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Kar Mobiles bags Daimler order for engine valves

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Kar Mobiles bags DICV valves order Rane Group company is to be the single-source supplier of 12 lakh engine valves to Daimler India Commercial Vehicles' Bharat Benz trucks The Bangalore-based engine valve manufacturer Kar Mobiles Ltd, part of the Rane Group, has bagged an order from Daimler India Commercial Vehicles (DICV) to supply 12 lakh engine valves for its upcoming Bharat Benz trucks.

While the company has not disclosed the value of the order, Kar Mobiles has been listed as the single supplier to the truck manufacturer and the samples and the pilot lot have been approved by DICV. The company will supply three types of valves – inlet valve, exhaust valve and decompressor valve – by the end of 2015. The company has dedicated the expansion of its Tumkur plant, 50km from Bangalore, for this purpose.

Kar Mobiles’ current capacity from its Bangalore plant stands at 60 lakh units per annum. Of this, around 250,000 are supplied to the Indian Railways, 50,000 units go for the Indian Army’s Arjun tanks (T90) and industrial and marine engine customers take up around 600,000 units.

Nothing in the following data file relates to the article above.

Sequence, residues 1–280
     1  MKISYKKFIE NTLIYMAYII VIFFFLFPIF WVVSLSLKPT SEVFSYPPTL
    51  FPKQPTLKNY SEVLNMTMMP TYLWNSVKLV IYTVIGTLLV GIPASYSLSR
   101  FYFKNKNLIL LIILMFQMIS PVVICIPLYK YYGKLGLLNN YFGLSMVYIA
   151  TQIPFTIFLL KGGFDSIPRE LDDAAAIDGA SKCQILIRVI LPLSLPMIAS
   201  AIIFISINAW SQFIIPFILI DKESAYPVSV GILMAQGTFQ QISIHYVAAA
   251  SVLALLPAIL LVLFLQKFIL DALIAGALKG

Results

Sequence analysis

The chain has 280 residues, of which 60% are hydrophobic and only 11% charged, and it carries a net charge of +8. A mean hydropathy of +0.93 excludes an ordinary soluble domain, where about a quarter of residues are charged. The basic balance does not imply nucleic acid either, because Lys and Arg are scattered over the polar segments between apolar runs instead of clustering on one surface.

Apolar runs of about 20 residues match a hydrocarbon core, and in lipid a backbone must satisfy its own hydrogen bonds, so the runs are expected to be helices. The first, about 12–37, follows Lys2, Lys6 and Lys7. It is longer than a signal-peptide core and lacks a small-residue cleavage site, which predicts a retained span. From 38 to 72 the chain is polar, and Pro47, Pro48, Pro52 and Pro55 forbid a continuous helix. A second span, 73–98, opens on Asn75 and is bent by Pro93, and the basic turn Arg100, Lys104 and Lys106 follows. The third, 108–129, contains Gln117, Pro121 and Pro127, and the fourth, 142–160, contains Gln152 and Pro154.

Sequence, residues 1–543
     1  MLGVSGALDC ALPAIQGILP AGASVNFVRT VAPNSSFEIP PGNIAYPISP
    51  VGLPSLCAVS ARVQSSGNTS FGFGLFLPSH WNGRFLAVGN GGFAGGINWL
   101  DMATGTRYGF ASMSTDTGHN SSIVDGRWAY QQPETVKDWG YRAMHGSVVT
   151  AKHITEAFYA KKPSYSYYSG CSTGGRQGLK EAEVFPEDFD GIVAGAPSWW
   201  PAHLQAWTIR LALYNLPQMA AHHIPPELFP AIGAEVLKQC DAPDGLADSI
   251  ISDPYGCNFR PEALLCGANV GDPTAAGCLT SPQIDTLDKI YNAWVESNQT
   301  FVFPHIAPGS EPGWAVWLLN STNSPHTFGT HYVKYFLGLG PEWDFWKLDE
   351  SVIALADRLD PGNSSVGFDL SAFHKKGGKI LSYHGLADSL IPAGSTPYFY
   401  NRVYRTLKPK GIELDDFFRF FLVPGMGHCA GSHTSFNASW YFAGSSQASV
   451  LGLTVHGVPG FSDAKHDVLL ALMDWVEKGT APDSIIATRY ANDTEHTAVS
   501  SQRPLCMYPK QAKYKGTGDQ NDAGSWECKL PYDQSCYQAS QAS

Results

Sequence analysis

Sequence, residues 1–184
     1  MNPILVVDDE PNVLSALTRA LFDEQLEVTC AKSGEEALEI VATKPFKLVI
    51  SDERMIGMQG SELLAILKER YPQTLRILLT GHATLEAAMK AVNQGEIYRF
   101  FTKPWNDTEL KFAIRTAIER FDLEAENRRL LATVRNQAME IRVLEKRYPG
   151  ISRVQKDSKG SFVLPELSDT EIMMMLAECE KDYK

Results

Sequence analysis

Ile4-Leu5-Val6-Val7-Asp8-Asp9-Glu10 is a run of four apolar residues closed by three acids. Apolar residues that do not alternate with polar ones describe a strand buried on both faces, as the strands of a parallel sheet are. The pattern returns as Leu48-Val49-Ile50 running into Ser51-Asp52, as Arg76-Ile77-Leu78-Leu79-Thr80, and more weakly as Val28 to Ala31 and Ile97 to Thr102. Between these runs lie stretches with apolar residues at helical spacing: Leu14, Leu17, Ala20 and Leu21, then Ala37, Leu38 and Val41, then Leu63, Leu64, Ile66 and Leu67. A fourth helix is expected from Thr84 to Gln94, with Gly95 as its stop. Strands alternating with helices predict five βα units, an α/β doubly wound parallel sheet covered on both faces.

Around 55 percent of the production goes to various OEMs like Cummins, John Deere, Maruti Suzuki and Ashok Leyland among others. The remaining 12 lakh units are sold in the aftermarket.

Expanding capacity

The Rs 15 crore expansion programme at the Tumkur plant, which began in November 2010, was taken up because the company’s Bangalore plant had reached saturation point. Current production capacity stands at 33 lakh units per annum from a built-up area of around 5,300 square metres, with another 3,600 square metres all set to be added. With this, production will stand increased to 43 lakh units. The plant currently has a workforce of around 350 with the management and other staff adding another fifty-five.

Elaborating on the Tumkur expansion programme, company president S Krishnamurthy says, “We expect to add one more line by the end of the year. The first line, which is in final stages of construction, will be commissioned in July and will have a capacity of 12 lakh units. The other line will be up and running by March 2012 with a capacity of 13 lakh units. Rs 10 crore has been invested in a new machine line that is aimed to improve production capacity of large valves. These will be valves for marine engines and industrial purposes. The main markets for them will be Europe and the US.” Given the stiff export targets the company has set, supplies from the Tumkur plant will be dedicated to OEMs like Cummins, Caterpillar and John Deere.

R Radhakrishnan, deputy general manager, engineering, says that Kar Mobiles intends to install new machinery in the near future. “Some of the machines we use are quite old. We have a Rs 3 crore investment programme for the replacement of older machines and implementation of LPS. Four new CNC machines are also being ordered. Also, our pit furnaces are going to be replaced, but that is a more elaborate process which will take some time to implement.”

Lean production mantra at work